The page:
Healing Experiences of Vipassanā Practitioners in Contemporary China, Case study 5

Elsa Ngar-sze Lau 劉雅詩

Ngar-sze Lau is a PhD candidate at the Department of Politics, Philosophy and Religion at Lancaster University. Her thesis examines the emergence of Theravāda meditation communities in contemporary China.

This is a case study that is part of a series of linked posts:
Introduction, case 1 | 2 | 3 | 4 | 5

Case 5: Candasaro

Before ordaining as a monk in Thailand, Candasaro had worked at a private factory as a production manager in Sichuan for over 30 years. In 2008 he started exploring Theravāda meditation by learning observing the breath[i] with Pa-Auk Sayadaw’s method at Jiju Mountain for about two months in Yunnan. He later gave up this practice as he could not see any sign[ii] emerged in his sitting. “My personality is quite fast-paced. It’s difficult to cultivate calmness.”[iii] In May 2011, he firstly learnt about the practice of dynamic movement at a ten-day retreat led by Luangpor Khamkhian Suvanno, from Thailand, in Hongzhou.[iv] During the retreat, he tasted a sense of joy[v], a positive outcome of meditation.

Candasaro found that dynamic movement suited him perfectly. He explained about the practice: “In the beginning [you] observe the movement of the body. Later [you can] observe the mind. All practices are similar. They firstly cultivate calmness by bringing awareness to one point. That is developing an ability of concentrating the mind. Without calmness, it is impossible to practice vipassanā. When you open the six sense doors, you hold one of them, like a monkey holding the main pillar. In dynamic movement, the main practice is moving the arms. In Mahāsi’s method, it is about the rising and falling of the abdomen. … I like observing the movement.”

He also practiced the dynamic movement at workplace. “While I was working at the control room, I managed the office work and communicated with my colleagues [when it was necessary]. The workload was not so heavy. There was only about one working our every day. It was relaxing.” Then in October 2011 Candasaro joined an organized trip to stay at WatPa Sukato[vi] for two months in South Thailand. This was the first time he travelled to Thailand. Located at Chaiyaphum Province, the temple covering an area of 185 acres, including a river and Phu Kong Mountain that was 470 meters above sea level. Sukato means ‘good’. Luang Phor Kham Khian Suwanno, the first abbot, shared his intention of building the temple, “Sukato is a place where people come and go for wellness, also for the beneficial impact of the environment, human being, river, forest and air. This is the wellness in coming, going and being. This wellness is born from earth, water, air and fire, not from one person alone. …There are shelter, food and friends who will teach, demonstrate, and give advice. Should one wish to stay here, his or her intention to practice dharma shall be fulfilled.”[vii]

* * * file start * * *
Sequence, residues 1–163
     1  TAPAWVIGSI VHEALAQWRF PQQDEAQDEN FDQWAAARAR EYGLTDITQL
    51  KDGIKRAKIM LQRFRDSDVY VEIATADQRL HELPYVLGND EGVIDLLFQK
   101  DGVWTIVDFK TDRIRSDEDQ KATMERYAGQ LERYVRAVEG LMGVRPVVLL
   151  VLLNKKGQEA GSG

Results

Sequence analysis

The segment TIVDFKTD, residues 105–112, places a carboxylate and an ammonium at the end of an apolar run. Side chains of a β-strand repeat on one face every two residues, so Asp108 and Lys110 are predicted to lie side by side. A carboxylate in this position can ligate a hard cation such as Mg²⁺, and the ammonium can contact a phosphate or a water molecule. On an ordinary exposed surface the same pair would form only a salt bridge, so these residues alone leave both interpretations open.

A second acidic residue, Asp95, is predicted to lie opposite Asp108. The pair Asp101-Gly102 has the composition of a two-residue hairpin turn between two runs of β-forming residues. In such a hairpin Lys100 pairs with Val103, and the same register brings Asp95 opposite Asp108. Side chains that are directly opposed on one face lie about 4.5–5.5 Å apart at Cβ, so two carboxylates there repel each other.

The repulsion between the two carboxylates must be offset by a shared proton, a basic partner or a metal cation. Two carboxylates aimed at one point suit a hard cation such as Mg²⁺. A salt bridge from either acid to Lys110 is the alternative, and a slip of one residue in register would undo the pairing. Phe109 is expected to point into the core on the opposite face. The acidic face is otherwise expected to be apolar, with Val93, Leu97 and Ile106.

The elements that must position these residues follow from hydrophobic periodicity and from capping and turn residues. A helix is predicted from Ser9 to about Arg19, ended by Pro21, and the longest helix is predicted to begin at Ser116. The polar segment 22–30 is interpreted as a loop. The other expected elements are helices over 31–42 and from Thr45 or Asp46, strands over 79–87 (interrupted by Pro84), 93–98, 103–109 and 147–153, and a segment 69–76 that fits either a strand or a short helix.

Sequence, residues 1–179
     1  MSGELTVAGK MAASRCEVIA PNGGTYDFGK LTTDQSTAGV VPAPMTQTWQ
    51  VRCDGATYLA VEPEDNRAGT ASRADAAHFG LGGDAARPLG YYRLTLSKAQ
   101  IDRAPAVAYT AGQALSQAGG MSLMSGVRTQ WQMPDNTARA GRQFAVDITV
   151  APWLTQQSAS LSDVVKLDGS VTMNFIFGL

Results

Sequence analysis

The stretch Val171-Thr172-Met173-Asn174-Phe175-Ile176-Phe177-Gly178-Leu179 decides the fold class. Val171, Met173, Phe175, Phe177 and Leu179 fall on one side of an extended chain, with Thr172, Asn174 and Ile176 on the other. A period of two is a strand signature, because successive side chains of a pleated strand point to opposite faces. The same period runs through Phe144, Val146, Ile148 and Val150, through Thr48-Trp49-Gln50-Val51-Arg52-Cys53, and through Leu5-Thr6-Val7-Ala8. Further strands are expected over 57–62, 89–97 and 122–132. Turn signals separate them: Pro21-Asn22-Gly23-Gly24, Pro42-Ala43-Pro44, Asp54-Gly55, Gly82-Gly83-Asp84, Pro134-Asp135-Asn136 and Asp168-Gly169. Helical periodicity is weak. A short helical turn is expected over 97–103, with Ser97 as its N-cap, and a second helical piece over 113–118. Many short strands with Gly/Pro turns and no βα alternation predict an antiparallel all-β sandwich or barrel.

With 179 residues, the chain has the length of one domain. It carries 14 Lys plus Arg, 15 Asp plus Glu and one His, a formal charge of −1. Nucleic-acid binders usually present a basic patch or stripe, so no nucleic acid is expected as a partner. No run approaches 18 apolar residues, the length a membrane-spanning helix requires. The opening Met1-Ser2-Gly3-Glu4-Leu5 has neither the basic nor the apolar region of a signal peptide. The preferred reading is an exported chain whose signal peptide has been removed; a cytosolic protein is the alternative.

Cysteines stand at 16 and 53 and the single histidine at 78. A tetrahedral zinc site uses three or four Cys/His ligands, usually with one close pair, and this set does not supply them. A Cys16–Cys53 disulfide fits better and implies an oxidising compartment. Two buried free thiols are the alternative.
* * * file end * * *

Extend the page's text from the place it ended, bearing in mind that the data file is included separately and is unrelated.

In this huge forest temple, there were around 30 monks and 30 lay people only. As there were plenty established huts, every resident could stay in one hut.[viii] Every morning, all residents woke up at 3 o’clock in the early morning to prepare for the chanting and dhamma talk at 4 o’clock. Around 6 am, Candasaro and other monks, dressed in yellow monastic robe, formally visited villages nearby carrying their alms bowls for their daily alms round. (See Fig. 3 and Fig. 4) In Chinese Buddhist communities in China, alms round practices have been faded out for many centuries. With bare feet, the monks lined up tidily first and started walking towards one of the target villages. After entering the village, they stopped in front of a household where donors were waiting with cooked rice and food. Whenever people from households offered food to monks one by one, they would line up before the householders and chant blessing words in Pāli. All the monks went back to the monastery with the received alms. At around 7.30 am, volunteers in the monastery kitchen finished preparing the foods so that the monks and all residents could have their first meal. For monks, this was also the only meal according to their precepts.

In August 2012, he stayed there again for a month. In 2013, he decided to quit his job and receive early retired pension. He decided to ordain as a bhikkhu and settled at WatPa Sukato. He enjoyed his monastic life very much, “I don’t need to spend any money by living at a monastery. I have been working in government and business sectors for many years. I am very tired of them. And my wife agreed to that [the separation] ….  After you practice diligently, awareness lead you to have a strong sense of renunciation from the mundane world. Firstly, [it’s] renunciation; secondly, you do not attach or crave something.” (See Fig. 5)

Although Candasaro could not speak English, he had learnt some basic Thai words to communicate with Thai people for his daily basic needs. Over the past four years, he went back to China a few times to attend retreats and also invited some friends to travel to WatPa Sukato. In 2017, he returned to China and settled in Fujian Province. He started teaching dynamic meditation and led alms round in the village.

[i] Ch. guanhuxi; P. ānāpānasati.

[ii] Ch. chanxiang; P. nimitta.

[iii] Ch. ding; P. samādhi.

[iv] Luangpor Khamkhian Suvanno was a disciple of Luangpor Teean.

[v] Ch. xi; P. piti.

[vi] See “Wa-Pa-Sukato,” Tourism Authority of Thailand, https://www.tourismthailand.org/Attraction/Wat-Pa-Sukato–3354

[vii] Ibid.

[viii] Ch. gudi; P. kuṭi